Selling a Massacre

One of the main reasons why the Amboyna Conspiracy Trial has remained so controversial for so long was because it became the subject of a ferocious and sustained campaign of propaganda that was designed to influence public opinion on both sides of the Channel. English and Dutch writers competed to produce ever more inflammatory pamphlets that sought to damn their rivals as ruthless traitors intent on spilling innocent blood or immoral tyrants who had engaged in what was effectively judicial murder. These pamphlets turned the Amboyna Conspiracy Trial into a source of national outrage as well as topic of intense public interest and discussion in both England and the Dutch Republic.

Documents & Topics

The Amboyna Men
The six English survivors of the case would go on to become instant celebrities when they arrived back in England in June 1624. Their testimony, which condemned the Dutch as brutal tyrants, would become a key exhibit for English propagandists seeking to attack the VOC.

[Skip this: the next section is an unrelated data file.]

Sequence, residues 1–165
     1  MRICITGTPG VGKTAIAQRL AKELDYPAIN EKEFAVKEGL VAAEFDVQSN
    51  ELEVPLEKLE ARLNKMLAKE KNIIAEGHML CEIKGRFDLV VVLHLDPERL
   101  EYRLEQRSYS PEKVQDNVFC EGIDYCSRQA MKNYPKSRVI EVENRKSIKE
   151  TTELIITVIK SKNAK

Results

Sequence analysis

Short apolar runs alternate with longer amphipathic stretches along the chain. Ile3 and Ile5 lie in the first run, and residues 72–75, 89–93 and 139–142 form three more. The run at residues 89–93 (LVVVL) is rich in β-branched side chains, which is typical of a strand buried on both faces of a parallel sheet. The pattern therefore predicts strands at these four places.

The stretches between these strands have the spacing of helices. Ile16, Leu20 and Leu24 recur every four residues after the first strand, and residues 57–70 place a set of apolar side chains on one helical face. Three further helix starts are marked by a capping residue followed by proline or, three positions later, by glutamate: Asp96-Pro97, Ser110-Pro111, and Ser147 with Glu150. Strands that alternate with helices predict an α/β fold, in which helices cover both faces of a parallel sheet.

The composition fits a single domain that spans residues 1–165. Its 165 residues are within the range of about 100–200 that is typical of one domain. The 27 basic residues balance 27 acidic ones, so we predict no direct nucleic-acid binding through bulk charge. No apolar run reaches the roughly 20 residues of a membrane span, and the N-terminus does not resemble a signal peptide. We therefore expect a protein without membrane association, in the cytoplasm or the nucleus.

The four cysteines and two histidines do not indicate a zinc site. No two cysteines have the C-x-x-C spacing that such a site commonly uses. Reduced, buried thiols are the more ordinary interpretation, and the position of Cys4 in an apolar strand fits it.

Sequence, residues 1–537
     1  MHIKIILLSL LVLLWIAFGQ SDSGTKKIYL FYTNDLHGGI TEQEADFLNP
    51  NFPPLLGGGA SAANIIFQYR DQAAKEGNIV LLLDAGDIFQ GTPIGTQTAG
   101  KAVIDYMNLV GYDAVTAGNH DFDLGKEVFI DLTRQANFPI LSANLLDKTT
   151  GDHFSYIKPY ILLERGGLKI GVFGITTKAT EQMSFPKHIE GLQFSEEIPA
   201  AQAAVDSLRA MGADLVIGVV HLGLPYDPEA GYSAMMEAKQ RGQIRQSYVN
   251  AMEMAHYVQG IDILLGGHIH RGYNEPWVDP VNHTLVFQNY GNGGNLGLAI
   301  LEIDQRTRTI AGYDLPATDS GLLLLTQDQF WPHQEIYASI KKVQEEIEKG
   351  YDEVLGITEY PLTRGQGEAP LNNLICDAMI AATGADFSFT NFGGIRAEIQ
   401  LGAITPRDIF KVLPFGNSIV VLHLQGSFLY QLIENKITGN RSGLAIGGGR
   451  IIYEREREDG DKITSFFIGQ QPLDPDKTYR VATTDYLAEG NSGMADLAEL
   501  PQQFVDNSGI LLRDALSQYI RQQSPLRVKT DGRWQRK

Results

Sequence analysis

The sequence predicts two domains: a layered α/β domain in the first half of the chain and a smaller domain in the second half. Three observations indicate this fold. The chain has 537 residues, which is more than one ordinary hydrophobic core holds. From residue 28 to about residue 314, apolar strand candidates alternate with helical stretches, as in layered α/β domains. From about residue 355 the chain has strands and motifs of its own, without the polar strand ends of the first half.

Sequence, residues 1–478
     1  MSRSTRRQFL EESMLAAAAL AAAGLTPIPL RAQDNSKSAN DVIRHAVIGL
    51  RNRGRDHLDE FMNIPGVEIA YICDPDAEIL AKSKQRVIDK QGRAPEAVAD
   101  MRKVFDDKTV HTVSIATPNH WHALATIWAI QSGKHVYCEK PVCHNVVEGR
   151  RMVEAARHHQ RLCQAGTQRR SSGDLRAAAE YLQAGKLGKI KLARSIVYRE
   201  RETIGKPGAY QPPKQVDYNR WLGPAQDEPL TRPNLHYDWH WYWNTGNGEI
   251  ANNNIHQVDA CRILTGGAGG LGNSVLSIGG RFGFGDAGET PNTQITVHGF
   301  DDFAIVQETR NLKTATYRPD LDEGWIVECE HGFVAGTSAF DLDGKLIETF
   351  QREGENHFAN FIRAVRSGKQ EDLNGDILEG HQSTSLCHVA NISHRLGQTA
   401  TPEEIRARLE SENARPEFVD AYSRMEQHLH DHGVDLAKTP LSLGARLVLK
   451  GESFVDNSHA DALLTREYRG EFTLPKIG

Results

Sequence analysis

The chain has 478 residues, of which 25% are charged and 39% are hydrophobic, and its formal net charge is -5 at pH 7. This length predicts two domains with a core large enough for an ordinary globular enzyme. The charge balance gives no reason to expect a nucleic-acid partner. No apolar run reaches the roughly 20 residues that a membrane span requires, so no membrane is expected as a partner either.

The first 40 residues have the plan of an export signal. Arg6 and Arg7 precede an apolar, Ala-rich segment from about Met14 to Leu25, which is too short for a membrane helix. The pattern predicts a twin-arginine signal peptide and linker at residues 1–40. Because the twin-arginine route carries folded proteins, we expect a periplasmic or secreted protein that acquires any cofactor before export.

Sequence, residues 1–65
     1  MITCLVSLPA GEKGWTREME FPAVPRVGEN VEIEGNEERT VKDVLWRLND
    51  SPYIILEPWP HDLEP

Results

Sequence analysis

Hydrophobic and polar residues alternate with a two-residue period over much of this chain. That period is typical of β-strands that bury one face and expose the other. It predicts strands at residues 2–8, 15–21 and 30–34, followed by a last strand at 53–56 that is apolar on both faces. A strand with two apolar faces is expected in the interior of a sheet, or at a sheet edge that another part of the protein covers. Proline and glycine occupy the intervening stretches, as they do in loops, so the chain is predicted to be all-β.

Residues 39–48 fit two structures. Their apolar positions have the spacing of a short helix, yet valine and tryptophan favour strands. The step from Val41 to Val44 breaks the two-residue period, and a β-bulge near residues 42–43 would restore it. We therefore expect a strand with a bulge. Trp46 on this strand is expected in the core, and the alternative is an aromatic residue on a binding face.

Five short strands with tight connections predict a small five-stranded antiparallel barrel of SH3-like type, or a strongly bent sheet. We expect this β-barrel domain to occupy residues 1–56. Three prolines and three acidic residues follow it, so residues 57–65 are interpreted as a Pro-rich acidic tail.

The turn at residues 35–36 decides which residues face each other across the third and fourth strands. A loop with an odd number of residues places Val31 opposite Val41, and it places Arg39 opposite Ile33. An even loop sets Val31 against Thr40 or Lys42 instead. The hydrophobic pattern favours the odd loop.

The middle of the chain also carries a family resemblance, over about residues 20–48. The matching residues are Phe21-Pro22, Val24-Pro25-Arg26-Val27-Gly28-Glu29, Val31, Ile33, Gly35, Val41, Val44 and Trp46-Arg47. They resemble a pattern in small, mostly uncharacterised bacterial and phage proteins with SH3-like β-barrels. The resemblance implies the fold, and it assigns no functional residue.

First Salvos
It was clear to both sides that the Amboyna trial would become instantly controversial but it was the Dutch who would move first by printing their version of events in a widely circulated pamphlet.
Warring Pamphlets
The Amboyna conspiracy trial generated a ferocious war of words. The chosen weapon for this war was a series of pamphlets in which the two sides charged the other with villainy and betrayal.
The Long Controversy
The controversy over Amboyna did not die away after 1623. Rather it continued for decades after the original incident, providing the backdrop for a sharp deterioration in Anglo-Dutch relations.